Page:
Comics A.M. | Fatal fire spares $1M collection; comic store bomb threat

Comics | A July house fire in Minneapolis that killed homeowner Gary Dahlberg spared his meticulously preserved comic-book collection, which experts say could be worth $1 million. The comics, which includes first issues of The Amazing Spider-Man, Fantastic Four and Daredevil, will be sold at auction on May 5 by Heritage Auction Galleries, with the money going to Dahlberg's estate. "To go for the really big money they have to be really perfect, and that what these are," says Barry Sandoval of Heritage Auction Galleries. "The comics look like they just rolled off the printing press and nobody's ever touched them." [KSTP TV, with video]

Crime | A 17-year-old boy accused of attempting to rob Fun 4 All Comics & Games in Ypsilanti, Mich., on Monday has been arraigned on charges of assault with attempt to rob while armed and attempted larceny. Police say the teen, wearing a blond wig, bandanna and dark glasses, gave an employee a list of merchandise -- "most, if not all, of it Yu-Gi-Oh! cards" -- then opened his coat to reveal what appeared to be an improvised explosive device. The boy allegedly threatened to detonate the bomb if he wasn't given the merchandise. When the employee yelled for the owner to call police, then teen said he was only joking, then bought some inexpensive items and left the store. The sheriff's department later arrested the teen in his car in a Burger King parking lot. The Michigan State Police bomb squad responded, and determined the potential explosive device was inert. [AnnArbor.com]

Comic strips | Two years after Washington City Paper eliminated its syndicated comics amid massive budget cuts at its parent company, the alternative weekly is bringing back its comics page. The new lineup, debuting in this week's issue, includes Derf's The City, Shawn Belschwender's Clowntime, Michael Kupperman's Up All Night and David Malki's Wondermark. [FishbowlDC]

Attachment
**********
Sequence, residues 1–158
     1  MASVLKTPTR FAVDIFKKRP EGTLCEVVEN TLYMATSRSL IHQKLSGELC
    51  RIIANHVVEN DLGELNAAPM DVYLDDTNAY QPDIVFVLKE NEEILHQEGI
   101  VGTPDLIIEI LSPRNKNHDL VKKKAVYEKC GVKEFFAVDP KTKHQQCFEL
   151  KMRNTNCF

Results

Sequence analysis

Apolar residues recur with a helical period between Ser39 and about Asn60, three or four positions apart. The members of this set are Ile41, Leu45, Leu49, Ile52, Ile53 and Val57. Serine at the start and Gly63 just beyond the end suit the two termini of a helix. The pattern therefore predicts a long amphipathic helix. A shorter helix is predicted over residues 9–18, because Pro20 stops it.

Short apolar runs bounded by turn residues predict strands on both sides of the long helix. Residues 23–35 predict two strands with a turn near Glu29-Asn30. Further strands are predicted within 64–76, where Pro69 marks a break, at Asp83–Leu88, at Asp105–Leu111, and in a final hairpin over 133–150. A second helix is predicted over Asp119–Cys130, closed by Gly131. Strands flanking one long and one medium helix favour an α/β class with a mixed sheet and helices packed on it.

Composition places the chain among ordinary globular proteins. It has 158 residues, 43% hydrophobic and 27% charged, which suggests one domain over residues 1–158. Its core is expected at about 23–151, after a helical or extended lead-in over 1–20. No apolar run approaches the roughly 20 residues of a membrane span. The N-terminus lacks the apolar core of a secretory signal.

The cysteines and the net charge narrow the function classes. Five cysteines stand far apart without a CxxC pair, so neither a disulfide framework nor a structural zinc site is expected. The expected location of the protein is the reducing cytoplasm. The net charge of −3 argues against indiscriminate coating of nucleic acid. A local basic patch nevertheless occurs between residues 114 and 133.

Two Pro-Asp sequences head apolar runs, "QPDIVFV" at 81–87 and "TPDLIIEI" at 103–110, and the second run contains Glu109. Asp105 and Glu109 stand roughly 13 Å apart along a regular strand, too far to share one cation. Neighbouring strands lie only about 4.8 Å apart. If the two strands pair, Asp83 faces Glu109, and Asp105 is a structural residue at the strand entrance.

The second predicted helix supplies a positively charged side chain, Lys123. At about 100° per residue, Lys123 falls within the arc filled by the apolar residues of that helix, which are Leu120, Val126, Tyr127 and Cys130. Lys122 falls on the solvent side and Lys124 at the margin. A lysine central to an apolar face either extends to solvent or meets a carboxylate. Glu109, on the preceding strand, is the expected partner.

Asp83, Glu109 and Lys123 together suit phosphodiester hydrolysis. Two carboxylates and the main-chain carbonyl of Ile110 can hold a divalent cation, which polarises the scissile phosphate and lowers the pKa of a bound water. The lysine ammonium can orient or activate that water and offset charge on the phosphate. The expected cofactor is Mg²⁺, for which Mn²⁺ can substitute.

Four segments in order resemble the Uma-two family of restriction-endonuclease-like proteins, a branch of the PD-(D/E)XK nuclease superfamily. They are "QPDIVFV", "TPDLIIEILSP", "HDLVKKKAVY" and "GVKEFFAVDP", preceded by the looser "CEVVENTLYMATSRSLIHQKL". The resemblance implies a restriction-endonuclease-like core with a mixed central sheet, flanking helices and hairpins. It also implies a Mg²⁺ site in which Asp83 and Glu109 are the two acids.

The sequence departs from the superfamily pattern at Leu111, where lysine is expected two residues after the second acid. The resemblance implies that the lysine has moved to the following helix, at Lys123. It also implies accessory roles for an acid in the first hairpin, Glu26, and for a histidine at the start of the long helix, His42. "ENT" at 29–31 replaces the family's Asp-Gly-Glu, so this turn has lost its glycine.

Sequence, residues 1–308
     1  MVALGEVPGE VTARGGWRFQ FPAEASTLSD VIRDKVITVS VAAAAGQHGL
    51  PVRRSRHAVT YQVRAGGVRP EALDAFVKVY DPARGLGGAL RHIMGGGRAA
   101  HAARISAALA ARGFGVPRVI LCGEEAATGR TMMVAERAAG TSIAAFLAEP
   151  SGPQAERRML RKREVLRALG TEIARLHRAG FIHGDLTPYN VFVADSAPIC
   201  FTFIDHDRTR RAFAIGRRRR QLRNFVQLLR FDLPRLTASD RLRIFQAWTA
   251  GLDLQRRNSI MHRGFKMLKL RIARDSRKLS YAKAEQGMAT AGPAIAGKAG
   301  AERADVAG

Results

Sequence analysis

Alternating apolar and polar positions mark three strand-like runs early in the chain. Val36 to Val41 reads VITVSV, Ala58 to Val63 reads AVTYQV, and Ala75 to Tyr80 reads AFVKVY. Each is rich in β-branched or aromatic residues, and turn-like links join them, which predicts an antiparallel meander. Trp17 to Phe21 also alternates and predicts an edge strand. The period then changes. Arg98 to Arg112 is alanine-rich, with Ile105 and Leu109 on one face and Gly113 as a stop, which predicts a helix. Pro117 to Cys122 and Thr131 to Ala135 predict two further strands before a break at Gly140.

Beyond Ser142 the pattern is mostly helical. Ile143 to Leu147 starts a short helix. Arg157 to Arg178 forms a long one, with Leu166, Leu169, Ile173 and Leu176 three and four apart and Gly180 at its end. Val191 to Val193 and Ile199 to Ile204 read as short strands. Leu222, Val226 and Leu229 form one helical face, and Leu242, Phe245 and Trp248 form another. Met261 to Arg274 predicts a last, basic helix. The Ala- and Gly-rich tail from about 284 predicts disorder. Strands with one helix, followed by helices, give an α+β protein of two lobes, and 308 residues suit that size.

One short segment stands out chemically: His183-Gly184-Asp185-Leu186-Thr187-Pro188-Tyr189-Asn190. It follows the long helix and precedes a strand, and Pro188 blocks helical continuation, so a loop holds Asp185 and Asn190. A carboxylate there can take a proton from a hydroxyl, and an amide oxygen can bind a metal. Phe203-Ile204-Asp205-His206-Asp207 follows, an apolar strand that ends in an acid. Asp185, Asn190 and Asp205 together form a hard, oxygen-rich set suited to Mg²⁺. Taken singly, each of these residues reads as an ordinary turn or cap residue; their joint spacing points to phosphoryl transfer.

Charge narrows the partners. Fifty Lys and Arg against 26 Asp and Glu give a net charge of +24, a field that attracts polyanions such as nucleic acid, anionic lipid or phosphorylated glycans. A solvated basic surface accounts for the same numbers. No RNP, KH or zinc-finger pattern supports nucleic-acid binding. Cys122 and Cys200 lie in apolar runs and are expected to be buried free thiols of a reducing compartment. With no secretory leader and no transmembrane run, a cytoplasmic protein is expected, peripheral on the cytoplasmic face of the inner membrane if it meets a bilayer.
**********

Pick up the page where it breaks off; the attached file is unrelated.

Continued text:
Creators | Alex Carr interviews Guy Davis, Dave Stewart and John Arcudi during at last weekend's Emerald City Comicon. [Omnivoracious]

Creators | Kurt Busiek, Austin Grossman, Gerard Jones, Sean McKeever and Gail Simone offer advice on "how to create your own original superhero from scratch." [io9.com]

Creators | Howard Buck reports on a recent visit to Washington State University Vancouver by Josh Neufeld, creator of A.D.: New Orleans After the Deluge. [The Columbian]

Creators | Collaborators Molly Crabapple and John Leavitt discuss their “Blade Runner meets Dangerous Liaisons.” clockwork murder mystery The Puppet Makers. [Guerrilla Geek]

Creators | Noah Van Sciver talks about Blammo, Four Questions and his upcoming graphic novel about Abraham Lincoln's life in Springfield: "Blammo drew me to it. I was doing a short story on his duel with James Shields. As I researched it, I became more interested in Abraham Lincoln in his time before the Civil War. He’s my favorite president—he just seems like a cool guy. There’s not a lot out of there about Abraham Lincoln at that point in his life. I was interested in him because of his depression, and also because he came from nothing. I feel a kinship to people who come from nothing, because I come from a very large, very poor Mormon family. I’m trying to do that in comics — come from nothing and achieve something, which I guess is stupid, but it’s what I’ve got." [The A.V. Club]

Creators | The Center for Cartoon Studies has launched a blog dedicated to its visiting artists. [CCS Visiting Artist Blog, via The Comics Reporter]

Comics | Matt Wilson counts down "10 Major Comics Events that Actually Mattered." [Topless Robot]

Comics | Jason Serafino looks at "The 10 Lamest Batman Villains of All Time!" [Complex]

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